So what really triggered the mysterious and devastating crash of Steller sea lions in Alaska?

Steller sea lion bull sits on beach in Gulf of Alaska
Steller Seal Lion
NOAA photo library

Not munching by killer whales. Not illegal kills or competition by fishermen. Not strange diseases nor insidious poison. It was, at least at first, a vast regional warming of the sea, a “regime shift” that triggered cascading changes in the fish available for sea lion dinner.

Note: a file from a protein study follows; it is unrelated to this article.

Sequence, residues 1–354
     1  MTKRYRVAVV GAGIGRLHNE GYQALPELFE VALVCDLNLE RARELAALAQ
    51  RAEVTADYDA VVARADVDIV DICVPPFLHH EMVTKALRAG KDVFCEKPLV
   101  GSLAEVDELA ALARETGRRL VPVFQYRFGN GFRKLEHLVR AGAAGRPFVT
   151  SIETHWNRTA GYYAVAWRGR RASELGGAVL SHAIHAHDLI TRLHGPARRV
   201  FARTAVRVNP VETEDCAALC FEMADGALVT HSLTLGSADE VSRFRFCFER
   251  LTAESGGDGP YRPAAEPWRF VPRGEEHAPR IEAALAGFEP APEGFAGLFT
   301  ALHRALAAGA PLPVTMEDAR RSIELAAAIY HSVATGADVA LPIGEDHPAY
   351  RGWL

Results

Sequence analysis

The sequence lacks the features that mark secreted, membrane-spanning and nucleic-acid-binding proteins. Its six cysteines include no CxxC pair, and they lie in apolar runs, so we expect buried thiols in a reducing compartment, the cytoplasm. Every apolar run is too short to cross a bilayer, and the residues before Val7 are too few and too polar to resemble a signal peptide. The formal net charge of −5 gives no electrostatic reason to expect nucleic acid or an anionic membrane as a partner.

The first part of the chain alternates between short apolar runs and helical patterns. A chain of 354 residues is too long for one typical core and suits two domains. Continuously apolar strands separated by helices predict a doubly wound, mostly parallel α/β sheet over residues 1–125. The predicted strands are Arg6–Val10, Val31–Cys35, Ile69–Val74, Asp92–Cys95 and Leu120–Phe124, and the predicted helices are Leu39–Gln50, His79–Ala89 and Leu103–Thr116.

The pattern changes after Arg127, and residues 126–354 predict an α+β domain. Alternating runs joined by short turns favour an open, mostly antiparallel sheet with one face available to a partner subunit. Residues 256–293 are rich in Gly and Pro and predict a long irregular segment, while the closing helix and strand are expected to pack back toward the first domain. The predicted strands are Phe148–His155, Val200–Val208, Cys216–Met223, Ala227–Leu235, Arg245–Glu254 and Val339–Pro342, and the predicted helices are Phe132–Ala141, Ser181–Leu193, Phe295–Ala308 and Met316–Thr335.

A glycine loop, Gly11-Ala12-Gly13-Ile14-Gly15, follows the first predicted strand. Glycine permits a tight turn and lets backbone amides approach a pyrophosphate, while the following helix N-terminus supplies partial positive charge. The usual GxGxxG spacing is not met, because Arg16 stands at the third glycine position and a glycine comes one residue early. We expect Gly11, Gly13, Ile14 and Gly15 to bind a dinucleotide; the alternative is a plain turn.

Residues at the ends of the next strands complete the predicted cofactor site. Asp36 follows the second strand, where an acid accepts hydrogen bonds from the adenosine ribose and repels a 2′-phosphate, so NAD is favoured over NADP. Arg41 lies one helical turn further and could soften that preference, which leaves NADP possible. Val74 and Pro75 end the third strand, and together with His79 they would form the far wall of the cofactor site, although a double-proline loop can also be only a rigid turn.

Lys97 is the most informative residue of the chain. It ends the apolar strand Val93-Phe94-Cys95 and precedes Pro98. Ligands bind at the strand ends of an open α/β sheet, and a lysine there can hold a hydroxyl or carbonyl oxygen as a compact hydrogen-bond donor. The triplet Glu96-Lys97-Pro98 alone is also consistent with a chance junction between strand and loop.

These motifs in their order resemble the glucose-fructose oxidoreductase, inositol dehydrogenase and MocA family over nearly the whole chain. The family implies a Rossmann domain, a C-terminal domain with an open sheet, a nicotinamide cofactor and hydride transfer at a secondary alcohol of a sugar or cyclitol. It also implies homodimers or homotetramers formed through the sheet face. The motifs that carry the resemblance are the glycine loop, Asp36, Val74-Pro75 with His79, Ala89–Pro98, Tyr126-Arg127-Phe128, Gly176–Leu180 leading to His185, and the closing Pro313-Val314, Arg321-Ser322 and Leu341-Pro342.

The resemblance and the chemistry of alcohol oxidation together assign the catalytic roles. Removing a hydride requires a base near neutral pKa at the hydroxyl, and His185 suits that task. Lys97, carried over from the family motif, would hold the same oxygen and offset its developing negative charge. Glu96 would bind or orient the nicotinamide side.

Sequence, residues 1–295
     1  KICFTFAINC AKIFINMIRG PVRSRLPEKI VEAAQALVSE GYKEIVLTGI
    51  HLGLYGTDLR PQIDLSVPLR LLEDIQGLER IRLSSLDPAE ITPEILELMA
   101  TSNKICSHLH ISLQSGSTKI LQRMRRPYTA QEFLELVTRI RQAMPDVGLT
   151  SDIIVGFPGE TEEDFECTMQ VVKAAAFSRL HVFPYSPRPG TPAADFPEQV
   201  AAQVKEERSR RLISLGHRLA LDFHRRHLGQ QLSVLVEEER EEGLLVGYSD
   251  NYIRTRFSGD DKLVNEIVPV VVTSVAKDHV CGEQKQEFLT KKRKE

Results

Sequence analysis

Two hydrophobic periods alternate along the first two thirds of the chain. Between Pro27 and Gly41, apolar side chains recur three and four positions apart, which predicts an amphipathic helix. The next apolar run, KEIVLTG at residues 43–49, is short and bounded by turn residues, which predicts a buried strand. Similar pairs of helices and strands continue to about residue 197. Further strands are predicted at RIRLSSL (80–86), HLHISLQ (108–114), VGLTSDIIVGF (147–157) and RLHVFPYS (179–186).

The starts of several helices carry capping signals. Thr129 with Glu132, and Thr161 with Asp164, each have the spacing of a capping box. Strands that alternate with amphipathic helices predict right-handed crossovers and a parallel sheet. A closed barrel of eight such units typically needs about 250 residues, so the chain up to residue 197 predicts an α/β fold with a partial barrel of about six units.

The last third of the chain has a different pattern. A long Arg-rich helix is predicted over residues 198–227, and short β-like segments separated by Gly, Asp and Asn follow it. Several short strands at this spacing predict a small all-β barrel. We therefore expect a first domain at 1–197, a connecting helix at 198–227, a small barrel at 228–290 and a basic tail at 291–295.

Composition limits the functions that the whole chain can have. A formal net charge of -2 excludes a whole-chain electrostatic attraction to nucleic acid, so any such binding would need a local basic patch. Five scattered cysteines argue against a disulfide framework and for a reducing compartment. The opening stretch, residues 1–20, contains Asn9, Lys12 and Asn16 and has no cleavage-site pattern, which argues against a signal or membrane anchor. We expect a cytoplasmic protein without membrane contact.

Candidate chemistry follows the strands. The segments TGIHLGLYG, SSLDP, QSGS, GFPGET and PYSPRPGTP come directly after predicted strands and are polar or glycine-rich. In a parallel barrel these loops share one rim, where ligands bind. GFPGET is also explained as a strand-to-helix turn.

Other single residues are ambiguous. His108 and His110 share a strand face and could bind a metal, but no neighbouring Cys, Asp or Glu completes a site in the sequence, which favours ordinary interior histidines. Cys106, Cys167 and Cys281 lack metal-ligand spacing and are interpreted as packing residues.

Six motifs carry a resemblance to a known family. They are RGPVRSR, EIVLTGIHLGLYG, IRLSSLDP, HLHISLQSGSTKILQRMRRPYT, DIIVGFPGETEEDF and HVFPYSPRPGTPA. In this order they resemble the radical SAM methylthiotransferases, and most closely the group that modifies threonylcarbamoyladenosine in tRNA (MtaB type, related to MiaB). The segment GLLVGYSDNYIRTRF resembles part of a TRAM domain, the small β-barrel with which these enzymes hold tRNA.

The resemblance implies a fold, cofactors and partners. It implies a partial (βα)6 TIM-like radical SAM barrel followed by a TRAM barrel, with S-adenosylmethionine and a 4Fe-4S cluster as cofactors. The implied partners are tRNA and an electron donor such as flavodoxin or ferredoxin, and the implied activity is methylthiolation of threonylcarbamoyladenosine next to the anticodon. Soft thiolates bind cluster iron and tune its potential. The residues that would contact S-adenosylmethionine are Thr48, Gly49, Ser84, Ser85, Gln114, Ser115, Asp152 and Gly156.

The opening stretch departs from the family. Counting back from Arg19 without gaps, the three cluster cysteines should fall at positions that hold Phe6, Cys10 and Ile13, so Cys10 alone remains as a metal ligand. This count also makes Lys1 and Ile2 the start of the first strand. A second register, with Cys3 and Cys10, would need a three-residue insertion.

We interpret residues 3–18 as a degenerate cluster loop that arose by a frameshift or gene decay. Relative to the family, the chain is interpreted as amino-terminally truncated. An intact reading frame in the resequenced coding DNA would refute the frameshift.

When a cold ocean dominated by fat-laced goodies of herring and capelin transformed in the late 1970s into a warmer marine world dominated by less nutritious pollock and flatfish, Steller sea lions along 1,000 miles of coast just couldn’t eat enough of the right food to grow to adulthood, stay healthy and make babies.

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